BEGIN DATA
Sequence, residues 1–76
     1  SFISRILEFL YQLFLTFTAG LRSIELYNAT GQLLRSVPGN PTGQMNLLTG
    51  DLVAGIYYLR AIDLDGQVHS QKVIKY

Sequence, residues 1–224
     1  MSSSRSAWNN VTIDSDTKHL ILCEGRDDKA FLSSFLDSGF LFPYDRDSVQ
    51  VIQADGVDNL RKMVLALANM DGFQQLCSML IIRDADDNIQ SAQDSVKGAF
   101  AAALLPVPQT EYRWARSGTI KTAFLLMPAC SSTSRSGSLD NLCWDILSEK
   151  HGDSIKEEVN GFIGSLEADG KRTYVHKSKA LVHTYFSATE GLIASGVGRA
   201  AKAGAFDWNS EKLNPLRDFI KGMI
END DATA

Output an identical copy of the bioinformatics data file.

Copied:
Sequence, residues 1–76
     1  SFISRILEFL YQLFLTFTAG LRSIELYNAT GQLLRSVPGN PTGQMNLLTG
    51  DLVAGIYYLR AIDLDGQVHS QKVIKY

Sequence, residues 1–224
     1  MSSSRSAWNN VTIDSDTKHL ILCEGRDDKA FLSSFLDSGF LFPYDRDSVQ
    51  VIQADGVDNL RKMVLALANM DGFQQLCSML IIRDADDNIQ SAQDSVKGAF
   101  AAALLPVPQT EYRWARSGTI KTAFLLMPAC SSTSRSGSLD NLCWDILSEK
   151  HGDSIKEEVN GFIGSLEADG KRTYVHKSKA LVHTYFSATE GLIASGVGRA
   201  AKAGAFDWNS EKLNPLRDFI KGMI